GIC were developed by Wilson and Kent, in 1971, and introduced in the market in the early 1970s. Their popularity is due to the fact that these materials present several important properties such as fluoride release, coefficient of thermal expansion and modulus of elasticity similar to dentin, bonding to both enamel and dentin and biocompatibility61. Despite these advantages, conventional GICs possess limitations as restorative materials, which are related to their susceptibility to dehydration12 and poor physical properties, such as high solubility and slow setting rate58. Developments in the field of GICs have led to the introduction of light-activated hybrid GIC versions creating the resin-modified GICs (RMGICs)72. The incorporation of polymerizable water-compatible monomers such as HEMA to the formulation of conventional GICs resulted in enhanced flexural strength, diametral tensile strength, elastic modulus and wear resistance83, although they may not be as biocompatible as conventional GICs74. The incorporation of HEMA to the formulation of conventional cements has been proven to increase their toxic effects and as a consequence, RMGICs have been shown to be more cytotoxic than conventional GICs4. Although the degree of monomer conversion of the RMGICs has not been determined, several studies have demonstrated that measurable quantities of HEMA are released into the storage solutions used4. Leached residual HEMA can easily diffuse through the dentinal tubules due to its hydrophilicity and low molecular weight, thus reaching dental pulp cells4. The magnitude of the damage that may be caused by residual monomers to the pulp cells is inversely proportional to the remaining dentin thickness between the cavity floor and the pulp tissue4. One may expect that RMGICs might trigger an inflammatory reaction when applied directly in contact to the connective tissue73.
To compare the cytotoxicity of five RMGICs and one metal-reinforced GIC, Stanislawski, et al.74 carried out an in vitro pulp cell viability assay. The most toxic materials were the metal-reinforced GIC and RMGIC Vitremer (3M/ ESPE), while the least toxic were the RMGICs Compoglass (Ivoclar Vivadent Ltda., São Paulo, SP, Brasil) and Photac Fil (3M/ESPE). This toxicity was due to the presence of unpolymerized monomers, such as HEMA and TEGDMA, and polyacrilic acid, which were leached from resin modified materials and metal-reinforced GIC. The main elements responsible for the toxicity of the metal-reinforced GIC were Cu2+ and Ag+ present in toxic concentrations. It was further analyzed the possible cytotoxicity of some ions that are present in significant amounts in GICs, such as F-, Al3+, Zn2+ and Sr2+. The zinc was the only component that was found to be of a sufficiently high concentration to induce cytotoxicity. These elements were present in the metal-reinforced GIC and may have contributed to its cytotoxicity74.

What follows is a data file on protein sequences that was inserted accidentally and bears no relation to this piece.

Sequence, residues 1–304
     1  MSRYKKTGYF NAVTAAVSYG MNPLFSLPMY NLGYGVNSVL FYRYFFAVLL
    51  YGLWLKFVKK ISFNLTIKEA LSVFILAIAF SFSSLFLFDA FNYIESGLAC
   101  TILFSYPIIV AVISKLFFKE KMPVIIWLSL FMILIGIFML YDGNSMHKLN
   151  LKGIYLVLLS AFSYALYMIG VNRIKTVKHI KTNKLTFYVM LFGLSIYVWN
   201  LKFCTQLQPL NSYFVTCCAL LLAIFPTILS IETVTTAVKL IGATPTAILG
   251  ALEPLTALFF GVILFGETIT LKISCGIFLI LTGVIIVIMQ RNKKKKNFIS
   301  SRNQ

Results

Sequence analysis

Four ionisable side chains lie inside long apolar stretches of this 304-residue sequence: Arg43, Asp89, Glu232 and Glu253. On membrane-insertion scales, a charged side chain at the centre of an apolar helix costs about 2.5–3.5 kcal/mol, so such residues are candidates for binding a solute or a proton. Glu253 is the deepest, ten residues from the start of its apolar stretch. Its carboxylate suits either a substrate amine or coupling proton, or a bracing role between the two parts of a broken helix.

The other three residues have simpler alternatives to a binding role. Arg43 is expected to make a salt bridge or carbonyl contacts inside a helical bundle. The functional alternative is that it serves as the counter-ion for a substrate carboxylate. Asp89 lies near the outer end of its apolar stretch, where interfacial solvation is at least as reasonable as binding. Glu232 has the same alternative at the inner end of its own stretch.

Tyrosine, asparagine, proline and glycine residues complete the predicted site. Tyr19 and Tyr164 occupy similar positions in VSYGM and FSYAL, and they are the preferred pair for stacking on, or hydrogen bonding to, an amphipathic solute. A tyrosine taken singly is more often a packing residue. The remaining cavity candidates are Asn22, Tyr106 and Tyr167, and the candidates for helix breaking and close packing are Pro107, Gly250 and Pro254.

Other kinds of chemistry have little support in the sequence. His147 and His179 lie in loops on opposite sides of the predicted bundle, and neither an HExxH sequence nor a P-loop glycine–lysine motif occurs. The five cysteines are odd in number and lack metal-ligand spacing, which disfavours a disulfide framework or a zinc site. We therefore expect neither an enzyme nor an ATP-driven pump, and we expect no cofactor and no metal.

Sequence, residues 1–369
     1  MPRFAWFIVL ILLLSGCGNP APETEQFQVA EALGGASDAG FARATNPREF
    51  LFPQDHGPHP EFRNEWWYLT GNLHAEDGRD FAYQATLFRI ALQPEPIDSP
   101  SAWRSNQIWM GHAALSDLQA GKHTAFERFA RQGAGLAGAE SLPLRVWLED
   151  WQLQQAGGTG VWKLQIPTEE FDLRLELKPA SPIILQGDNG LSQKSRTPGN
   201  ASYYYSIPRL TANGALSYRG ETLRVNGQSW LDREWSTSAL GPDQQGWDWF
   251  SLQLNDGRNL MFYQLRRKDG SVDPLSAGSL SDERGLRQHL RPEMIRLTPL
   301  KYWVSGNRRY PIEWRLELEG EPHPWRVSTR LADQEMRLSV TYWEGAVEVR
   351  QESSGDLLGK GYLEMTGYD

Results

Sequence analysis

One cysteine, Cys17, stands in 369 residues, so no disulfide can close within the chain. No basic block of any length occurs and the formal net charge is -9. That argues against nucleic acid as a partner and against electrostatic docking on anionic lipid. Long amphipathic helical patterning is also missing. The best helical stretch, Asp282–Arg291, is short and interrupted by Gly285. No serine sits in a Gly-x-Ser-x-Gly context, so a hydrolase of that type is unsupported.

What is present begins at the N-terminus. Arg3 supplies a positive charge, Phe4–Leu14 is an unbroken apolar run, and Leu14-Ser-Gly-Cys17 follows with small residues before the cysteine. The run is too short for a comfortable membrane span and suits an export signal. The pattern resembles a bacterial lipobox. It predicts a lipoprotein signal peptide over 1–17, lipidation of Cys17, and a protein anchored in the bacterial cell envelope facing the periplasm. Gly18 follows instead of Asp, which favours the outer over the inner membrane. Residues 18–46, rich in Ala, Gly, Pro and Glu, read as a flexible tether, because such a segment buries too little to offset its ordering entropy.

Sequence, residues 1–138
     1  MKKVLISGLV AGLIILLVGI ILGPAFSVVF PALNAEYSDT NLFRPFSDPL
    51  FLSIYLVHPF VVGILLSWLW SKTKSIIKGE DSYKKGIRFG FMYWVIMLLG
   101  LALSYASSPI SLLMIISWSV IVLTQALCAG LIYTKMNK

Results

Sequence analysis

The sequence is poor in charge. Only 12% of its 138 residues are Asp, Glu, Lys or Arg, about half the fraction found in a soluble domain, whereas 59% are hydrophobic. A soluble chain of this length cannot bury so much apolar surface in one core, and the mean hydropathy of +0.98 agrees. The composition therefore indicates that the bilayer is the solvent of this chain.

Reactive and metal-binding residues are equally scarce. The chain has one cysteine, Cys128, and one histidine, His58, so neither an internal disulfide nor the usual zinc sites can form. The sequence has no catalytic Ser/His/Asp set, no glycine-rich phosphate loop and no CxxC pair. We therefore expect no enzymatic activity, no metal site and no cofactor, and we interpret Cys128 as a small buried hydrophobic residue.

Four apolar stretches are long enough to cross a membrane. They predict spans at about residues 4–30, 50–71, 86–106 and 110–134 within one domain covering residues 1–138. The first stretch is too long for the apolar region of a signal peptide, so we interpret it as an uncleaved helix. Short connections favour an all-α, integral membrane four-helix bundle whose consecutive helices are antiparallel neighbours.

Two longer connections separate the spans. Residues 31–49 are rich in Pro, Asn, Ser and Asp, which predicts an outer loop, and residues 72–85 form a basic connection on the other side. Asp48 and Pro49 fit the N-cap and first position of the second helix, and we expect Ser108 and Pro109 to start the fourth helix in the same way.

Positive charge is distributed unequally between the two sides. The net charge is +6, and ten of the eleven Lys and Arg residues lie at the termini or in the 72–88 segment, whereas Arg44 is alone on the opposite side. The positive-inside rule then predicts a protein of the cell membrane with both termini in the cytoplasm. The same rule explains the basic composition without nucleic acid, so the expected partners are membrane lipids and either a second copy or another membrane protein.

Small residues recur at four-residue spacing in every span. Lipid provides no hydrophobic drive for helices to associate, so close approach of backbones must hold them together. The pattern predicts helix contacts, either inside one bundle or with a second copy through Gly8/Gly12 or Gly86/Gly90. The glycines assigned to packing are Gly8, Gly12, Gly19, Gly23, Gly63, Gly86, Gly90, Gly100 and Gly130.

Complementing the results presented above, the cytotoxic effects of five RMGICs and conventional GICs on an odontoblast cell line were studied. The GICs were the least cytotoxic experimental materials and the RMGICs caused intense cytophatic effects on the cultured cells decreasing significantly the cell metabolism as well as causing remarkable cell death. The high cytotoxic effects observed for RMGICs in that study may be caused by unreacted resin monomers rather than by other compounds such as F-, Al3+, Sr2+, Zn2+ which are present in the conventional GICs17.